Low cost, low carbon

20 June 2020

In the end, the only viable energy solutions for the post-Covid world which will work, are those that are simultaneously low cost and low carbon

Nick Butler

One of the most popular Labour policies of the last decade was Ed Miliband’s “energy price freeze” which forced the coalition government onto the defensive.   The details of the policy were always more complicated than the slogan but the message resonated and caught the public mood.  People believed that they were paying too much for their gas and electricity and that the retailers were ripping them off.

That episode should be taken to heart as new energy policies are developed for the 2020s.  The move to a low carbon economy is essential but low carbon cannot be allowed to mean high costs for consumers, nor should it be allowed to become a platform for corporate welfare. Energy costs are very important to ordinary families and to businesses both large and small. In the harsh post-COVID19 economy which will no doubt usher in high unemployment and serious financial insecurity, energy bills will be under even greater scrutiny.  Rising bills could undermine public support for the whole climate agenda, and an energy policy that treats costs as irrelevant will fail.

Clearly, current government policies do not treat costs as irrelevant. All the major political parties are now committed to reducing emissions to net zero by 2050.  Many campaigners want to advance that date to address the risk of the damage caused by climate change becoming irreversible if the current energy mix remains unchanged.  But the costs of making the transition have been neglected and the UK, in contrast to the most of the rest of Europe, remains dangerously committed to the high cost solution of relying on expensive  nuclear energy. The cost of a megawatt hour of power from Hinkley Point, the first of the country’s proposed new nuclear stations, will be index-linked from a baseline of £92.50 that was set in 2013 and which would escalate for 35 years from whenever the plant becomes operational.  Thus, the agreed price will rise in line with inflation each year and the inflated price will be applied to the power sold from the date the station starts to produce power – which is currently estimated to be 2027 – for a further 35 years. That means our grandchildren will still be paying the bills in the 2060s.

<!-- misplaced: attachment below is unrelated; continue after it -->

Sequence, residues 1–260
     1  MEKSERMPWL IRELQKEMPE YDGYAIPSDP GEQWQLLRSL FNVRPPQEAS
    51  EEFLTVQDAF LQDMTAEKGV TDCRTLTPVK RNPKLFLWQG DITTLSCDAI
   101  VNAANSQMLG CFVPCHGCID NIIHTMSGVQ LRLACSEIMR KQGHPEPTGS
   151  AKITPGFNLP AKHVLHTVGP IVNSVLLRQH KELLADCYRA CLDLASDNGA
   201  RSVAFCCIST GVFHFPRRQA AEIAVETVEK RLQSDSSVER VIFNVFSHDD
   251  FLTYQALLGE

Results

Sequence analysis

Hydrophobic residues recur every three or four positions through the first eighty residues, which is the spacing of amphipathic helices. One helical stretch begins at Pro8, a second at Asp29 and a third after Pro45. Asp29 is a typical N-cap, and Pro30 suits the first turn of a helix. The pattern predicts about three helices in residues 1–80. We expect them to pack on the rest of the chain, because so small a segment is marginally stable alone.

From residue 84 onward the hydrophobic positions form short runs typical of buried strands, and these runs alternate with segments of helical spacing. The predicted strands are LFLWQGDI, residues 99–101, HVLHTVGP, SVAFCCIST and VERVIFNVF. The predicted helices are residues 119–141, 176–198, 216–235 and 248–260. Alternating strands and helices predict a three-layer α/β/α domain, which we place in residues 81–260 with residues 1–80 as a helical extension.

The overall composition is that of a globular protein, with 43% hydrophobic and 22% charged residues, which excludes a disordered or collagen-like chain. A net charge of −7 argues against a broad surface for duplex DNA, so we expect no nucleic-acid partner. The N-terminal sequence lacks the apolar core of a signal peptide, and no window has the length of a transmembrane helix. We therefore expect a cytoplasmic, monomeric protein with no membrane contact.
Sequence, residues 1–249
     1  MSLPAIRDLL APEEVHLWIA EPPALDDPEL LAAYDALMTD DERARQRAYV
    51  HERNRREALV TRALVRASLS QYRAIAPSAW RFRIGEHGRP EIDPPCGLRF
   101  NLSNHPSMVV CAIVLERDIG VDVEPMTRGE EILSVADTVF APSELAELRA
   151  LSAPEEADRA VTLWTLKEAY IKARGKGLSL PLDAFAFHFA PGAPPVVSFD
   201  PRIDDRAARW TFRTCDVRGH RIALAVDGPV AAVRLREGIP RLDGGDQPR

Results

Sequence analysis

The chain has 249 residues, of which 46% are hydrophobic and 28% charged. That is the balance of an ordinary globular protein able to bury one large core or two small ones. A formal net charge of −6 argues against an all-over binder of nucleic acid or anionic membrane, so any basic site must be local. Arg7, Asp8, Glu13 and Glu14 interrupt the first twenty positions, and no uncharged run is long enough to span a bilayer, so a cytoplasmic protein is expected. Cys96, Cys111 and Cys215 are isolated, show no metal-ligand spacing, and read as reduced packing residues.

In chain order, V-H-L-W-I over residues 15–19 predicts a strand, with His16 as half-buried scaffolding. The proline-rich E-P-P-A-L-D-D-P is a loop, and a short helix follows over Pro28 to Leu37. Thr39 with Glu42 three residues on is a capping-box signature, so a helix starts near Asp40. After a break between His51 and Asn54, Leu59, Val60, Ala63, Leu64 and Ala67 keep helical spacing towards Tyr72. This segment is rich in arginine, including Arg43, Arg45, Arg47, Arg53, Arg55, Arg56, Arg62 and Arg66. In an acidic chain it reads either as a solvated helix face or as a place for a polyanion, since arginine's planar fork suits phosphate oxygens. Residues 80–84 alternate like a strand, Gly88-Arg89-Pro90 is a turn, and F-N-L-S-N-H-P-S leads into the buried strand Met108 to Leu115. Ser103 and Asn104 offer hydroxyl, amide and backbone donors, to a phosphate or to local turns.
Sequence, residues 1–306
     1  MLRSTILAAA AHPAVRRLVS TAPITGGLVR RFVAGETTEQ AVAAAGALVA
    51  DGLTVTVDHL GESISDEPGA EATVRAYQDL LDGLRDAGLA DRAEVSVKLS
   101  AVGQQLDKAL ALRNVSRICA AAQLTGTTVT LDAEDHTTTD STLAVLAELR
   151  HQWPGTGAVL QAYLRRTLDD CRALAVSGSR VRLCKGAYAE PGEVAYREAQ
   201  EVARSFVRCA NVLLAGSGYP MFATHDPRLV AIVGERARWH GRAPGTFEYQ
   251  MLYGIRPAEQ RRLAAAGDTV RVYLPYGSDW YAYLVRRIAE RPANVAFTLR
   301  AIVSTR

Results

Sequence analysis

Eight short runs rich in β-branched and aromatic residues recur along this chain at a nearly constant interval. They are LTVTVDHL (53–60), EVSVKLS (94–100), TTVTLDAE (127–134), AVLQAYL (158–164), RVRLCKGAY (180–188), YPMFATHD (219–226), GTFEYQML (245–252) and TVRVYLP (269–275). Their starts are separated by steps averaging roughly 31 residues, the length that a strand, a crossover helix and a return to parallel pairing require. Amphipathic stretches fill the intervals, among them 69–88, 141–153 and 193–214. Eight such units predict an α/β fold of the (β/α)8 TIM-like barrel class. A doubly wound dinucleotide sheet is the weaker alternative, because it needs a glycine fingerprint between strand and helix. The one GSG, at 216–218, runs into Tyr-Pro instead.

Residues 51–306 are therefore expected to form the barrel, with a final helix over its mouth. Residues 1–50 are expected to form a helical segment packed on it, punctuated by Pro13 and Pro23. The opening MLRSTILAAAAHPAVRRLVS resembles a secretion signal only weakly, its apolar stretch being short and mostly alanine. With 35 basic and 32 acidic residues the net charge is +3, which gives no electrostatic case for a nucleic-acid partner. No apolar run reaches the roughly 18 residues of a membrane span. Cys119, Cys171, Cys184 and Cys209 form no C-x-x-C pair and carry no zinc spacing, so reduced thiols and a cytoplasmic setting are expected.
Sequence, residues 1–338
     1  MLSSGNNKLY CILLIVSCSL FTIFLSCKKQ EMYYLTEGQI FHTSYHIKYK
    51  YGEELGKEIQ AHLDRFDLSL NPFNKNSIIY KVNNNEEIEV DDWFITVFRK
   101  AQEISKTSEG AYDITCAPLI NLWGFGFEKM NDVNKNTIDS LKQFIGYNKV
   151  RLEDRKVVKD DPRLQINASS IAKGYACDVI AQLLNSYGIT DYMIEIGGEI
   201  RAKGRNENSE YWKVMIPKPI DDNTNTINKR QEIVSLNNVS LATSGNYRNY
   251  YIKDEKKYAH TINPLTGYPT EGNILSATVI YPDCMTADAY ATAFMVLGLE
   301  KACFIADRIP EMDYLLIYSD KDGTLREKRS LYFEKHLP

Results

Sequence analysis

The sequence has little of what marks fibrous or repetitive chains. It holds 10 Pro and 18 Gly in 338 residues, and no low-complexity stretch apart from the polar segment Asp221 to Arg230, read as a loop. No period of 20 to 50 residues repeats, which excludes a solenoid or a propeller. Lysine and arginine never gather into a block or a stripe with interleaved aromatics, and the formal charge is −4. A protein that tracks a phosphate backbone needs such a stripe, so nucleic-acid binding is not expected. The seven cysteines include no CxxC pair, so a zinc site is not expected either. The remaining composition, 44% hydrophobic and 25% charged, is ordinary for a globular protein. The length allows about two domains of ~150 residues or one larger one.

In 2013 the conventional wisdom was that energy prices would inexorably rise and that overtime power from Hinkley Point would end up looking cheap.  As is now very obvious, the reality has been a sustained fall in the costs of every other form of energy including solar and wind power. For example, the latest contracts for new wind power offer electricity at prices below £40 per MWhr (megawatt hour), while the price of power from Hinkley due to the indexation is now about £ 105 per Mwhr and given the indexation it will be higher still in 2027 or whenever the project actually starts.